Like most writers, I am an inveterate procrastinator. In the course of writing this one article, I have checked my e-mail approximately 3,000 times, made and discarded multiple grocery lists, conducted a lengthy Twitter battle over whether the gold standard is actually the worst economic policy ever proposed, written Facebook messages to schoolmates I haven’t seen in at least a decade, invented a delicious new recipe for chocolate berry protein smoothies, and googled my own name several times to make sure that I have at least once written something that someone would actually want to read.
For writers—especially nonfiction writers—a well-lit publishing-path through the murky wood of pundits, doomsdayers, and bestseller advice is micro-publishing.
Micro-publishing is not new, but when I use the term, I am referring to both the size of my publishing “house” and the length of my publications. In other words, micro-published books are short, tight, and swift. Experienced authors can deliver them in a steady flow, which can be less demanding and taxing than what it takes to create full-length books. Read more…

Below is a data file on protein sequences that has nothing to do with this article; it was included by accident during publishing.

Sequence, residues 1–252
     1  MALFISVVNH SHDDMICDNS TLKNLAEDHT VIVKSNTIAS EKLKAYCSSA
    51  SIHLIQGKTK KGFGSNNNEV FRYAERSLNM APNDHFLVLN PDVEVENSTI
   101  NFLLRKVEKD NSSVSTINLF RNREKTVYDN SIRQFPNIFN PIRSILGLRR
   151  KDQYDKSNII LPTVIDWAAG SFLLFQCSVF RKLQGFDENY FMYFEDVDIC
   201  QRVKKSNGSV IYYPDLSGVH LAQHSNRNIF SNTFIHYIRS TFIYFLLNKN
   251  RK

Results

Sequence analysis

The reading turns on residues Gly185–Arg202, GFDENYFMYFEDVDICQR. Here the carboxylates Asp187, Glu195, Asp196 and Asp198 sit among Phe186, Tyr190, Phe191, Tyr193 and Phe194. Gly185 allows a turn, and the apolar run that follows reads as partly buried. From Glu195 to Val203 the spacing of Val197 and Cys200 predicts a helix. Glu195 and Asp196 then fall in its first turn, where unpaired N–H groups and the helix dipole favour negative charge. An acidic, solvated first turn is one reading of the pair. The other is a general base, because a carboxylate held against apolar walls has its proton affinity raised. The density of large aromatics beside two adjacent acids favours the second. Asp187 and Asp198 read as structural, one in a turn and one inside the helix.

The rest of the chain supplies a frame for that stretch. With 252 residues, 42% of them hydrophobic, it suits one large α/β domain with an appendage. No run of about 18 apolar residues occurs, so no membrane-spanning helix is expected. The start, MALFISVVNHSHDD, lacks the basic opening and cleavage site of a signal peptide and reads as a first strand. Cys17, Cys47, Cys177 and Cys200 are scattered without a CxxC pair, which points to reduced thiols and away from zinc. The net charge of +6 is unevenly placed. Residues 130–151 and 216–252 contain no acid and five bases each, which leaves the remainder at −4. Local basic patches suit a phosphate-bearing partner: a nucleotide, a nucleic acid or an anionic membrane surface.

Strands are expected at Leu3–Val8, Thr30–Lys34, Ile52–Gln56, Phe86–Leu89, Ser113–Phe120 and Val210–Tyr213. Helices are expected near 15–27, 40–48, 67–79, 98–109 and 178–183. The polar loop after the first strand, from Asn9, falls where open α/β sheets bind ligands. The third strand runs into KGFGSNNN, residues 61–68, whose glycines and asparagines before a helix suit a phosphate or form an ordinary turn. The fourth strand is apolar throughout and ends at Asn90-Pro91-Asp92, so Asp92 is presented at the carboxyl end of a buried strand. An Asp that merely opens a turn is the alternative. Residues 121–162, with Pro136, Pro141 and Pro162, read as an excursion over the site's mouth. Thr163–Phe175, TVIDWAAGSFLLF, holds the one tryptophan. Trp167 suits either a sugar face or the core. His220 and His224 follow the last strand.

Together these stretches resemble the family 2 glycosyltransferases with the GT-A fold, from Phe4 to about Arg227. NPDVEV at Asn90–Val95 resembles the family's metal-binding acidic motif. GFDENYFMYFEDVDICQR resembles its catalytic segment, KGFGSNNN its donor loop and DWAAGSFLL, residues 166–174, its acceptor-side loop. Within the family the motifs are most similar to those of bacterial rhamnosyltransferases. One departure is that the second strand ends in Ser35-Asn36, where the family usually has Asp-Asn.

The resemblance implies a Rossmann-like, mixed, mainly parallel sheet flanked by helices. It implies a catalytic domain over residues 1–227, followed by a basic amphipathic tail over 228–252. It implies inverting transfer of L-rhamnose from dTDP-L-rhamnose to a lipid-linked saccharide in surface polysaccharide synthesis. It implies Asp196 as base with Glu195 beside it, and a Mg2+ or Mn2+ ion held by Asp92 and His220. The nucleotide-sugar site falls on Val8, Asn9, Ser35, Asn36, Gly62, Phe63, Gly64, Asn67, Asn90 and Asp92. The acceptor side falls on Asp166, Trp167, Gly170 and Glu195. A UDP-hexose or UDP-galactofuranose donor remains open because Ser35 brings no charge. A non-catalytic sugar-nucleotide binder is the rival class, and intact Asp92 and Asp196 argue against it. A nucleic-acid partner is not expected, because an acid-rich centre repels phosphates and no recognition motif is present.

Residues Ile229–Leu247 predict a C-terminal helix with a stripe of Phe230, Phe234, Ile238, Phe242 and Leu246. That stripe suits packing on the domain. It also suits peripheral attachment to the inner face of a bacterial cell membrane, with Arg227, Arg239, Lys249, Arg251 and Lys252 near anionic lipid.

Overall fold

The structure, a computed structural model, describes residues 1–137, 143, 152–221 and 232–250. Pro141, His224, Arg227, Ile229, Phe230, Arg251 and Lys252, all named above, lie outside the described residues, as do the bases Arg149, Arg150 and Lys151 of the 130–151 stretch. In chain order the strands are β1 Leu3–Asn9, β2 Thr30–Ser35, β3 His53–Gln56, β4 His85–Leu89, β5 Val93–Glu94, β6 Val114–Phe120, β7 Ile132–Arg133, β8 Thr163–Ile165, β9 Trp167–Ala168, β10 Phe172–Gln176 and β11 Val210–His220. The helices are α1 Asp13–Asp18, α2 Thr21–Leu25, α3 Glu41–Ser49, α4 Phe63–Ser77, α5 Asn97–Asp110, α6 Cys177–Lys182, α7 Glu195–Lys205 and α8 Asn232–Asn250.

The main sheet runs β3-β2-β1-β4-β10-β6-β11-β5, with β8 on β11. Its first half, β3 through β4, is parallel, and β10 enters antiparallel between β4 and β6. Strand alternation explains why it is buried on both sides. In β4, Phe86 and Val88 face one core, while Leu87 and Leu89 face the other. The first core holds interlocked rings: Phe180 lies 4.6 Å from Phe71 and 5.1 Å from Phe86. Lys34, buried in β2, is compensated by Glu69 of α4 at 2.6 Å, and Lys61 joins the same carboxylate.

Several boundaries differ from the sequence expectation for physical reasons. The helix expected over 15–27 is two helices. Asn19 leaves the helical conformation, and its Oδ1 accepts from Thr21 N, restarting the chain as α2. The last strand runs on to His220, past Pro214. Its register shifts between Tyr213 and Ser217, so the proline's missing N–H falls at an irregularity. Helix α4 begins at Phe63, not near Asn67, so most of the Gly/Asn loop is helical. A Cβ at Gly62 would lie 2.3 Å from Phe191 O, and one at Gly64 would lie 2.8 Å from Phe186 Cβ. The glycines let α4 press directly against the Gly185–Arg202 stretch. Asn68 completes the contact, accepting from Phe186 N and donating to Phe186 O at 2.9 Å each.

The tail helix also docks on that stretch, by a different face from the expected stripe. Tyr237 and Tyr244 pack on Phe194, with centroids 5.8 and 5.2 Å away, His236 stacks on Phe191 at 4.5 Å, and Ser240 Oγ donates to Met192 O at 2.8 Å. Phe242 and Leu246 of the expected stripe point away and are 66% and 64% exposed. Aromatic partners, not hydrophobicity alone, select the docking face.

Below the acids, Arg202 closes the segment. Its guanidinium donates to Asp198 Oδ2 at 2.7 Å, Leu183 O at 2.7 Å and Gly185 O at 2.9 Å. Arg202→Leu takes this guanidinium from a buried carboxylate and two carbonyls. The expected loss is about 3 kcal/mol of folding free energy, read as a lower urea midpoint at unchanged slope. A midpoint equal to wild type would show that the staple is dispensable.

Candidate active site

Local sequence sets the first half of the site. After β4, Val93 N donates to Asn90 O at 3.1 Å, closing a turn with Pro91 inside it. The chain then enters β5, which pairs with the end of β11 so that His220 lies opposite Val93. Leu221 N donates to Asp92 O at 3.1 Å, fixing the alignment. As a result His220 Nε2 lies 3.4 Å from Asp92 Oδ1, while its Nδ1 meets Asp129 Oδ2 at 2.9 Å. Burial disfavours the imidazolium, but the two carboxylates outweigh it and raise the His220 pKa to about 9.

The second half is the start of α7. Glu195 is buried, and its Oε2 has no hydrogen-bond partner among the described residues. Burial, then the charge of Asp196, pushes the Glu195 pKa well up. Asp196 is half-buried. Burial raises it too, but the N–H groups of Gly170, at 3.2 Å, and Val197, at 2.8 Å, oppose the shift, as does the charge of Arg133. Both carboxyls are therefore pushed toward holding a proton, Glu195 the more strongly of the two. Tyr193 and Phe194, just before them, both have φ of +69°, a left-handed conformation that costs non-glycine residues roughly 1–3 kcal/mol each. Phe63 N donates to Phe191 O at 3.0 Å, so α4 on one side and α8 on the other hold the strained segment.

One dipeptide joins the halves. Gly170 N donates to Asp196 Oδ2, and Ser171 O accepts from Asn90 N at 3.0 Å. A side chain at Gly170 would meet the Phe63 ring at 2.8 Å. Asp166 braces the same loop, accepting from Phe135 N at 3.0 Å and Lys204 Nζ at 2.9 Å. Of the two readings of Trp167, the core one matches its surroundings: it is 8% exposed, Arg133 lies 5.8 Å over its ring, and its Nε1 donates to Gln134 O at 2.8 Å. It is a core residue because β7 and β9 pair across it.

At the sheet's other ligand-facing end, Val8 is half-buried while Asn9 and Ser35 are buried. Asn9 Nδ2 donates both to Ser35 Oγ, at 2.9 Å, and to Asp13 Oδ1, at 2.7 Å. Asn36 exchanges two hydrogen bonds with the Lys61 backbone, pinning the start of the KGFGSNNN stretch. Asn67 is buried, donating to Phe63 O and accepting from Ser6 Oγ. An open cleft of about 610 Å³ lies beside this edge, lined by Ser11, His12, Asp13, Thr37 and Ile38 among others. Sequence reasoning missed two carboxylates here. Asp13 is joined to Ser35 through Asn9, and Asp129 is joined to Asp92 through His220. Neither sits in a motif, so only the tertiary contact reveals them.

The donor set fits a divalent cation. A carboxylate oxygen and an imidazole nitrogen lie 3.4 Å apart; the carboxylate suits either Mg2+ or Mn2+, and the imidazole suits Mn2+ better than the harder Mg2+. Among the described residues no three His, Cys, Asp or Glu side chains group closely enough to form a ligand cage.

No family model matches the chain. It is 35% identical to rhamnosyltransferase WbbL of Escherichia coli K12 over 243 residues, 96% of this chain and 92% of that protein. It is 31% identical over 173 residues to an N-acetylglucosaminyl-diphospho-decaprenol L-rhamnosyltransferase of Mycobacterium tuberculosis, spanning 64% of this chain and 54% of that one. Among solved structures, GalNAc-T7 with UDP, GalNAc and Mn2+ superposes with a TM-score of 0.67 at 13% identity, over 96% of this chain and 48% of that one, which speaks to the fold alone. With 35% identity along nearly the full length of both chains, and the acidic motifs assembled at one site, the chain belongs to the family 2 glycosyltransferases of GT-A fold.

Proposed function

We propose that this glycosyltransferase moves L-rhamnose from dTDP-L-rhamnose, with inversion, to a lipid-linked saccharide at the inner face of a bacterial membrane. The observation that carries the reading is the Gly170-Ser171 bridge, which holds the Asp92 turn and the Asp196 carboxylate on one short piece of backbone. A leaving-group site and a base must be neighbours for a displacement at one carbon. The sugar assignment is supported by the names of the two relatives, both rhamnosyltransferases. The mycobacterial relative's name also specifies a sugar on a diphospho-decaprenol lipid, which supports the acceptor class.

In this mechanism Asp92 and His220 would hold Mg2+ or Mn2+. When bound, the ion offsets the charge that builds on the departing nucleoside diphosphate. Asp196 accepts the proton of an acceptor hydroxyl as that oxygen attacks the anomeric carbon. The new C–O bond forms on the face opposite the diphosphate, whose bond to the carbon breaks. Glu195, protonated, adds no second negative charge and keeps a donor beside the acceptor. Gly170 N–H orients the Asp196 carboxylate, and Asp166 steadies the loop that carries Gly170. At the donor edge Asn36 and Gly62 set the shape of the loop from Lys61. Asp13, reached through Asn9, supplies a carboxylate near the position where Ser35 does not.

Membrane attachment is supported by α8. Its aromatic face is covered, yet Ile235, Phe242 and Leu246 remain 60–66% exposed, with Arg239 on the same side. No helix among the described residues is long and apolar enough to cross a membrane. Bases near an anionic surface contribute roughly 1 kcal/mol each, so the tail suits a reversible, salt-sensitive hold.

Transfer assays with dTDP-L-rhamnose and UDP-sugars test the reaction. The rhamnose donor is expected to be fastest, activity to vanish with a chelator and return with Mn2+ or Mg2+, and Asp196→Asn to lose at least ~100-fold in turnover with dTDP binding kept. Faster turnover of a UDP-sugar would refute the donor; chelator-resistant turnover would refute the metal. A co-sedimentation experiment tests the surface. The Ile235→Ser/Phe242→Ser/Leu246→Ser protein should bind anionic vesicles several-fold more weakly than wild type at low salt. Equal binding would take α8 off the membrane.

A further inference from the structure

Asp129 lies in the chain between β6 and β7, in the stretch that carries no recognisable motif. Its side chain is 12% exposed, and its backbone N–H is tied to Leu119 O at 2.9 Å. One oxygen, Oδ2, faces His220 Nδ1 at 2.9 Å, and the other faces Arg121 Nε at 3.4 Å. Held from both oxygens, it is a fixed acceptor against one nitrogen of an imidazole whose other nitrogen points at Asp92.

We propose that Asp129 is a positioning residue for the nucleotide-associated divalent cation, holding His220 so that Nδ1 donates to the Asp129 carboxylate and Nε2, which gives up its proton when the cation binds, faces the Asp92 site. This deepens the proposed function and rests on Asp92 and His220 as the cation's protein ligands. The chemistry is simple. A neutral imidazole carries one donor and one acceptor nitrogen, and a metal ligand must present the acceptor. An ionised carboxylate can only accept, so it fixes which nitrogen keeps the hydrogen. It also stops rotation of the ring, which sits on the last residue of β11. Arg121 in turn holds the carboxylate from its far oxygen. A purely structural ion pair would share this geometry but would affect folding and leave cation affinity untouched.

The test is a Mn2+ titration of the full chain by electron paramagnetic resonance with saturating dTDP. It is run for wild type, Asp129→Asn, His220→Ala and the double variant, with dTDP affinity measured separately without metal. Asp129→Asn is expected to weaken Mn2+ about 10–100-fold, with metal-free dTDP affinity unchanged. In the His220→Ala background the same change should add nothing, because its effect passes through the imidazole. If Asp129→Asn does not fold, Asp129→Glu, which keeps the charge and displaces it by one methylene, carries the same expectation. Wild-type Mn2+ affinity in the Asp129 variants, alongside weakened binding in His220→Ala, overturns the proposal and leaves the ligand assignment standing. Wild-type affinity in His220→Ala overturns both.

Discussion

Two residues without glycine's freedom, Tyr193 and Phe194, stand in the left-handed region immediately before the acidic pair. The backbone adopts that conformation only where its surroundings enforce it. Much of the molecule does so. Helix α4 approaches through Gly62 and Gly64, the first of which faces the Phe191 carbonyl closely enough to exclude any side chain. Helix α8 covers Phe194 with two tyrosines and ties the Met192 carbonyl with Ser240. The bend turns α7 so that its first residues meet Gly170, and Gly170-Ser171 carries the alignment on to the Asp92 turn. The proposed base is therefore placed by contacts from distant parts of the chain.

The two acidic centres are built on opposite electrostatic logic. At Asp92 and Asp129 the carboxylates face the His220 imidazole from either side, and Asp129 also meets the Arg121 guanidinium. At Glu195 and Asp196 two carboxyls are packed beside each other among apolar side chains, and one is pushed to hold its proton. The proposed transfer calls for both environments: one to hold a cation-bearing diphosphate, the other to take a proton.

I just finished a manuscript evaluation for a new writer/author today. It is a very imaginative science fiction story that has rolling around in the writer’s head for years. Do you have a story inside you that is ready to be told. Let me know, I can help shepherd the process and help improve your story.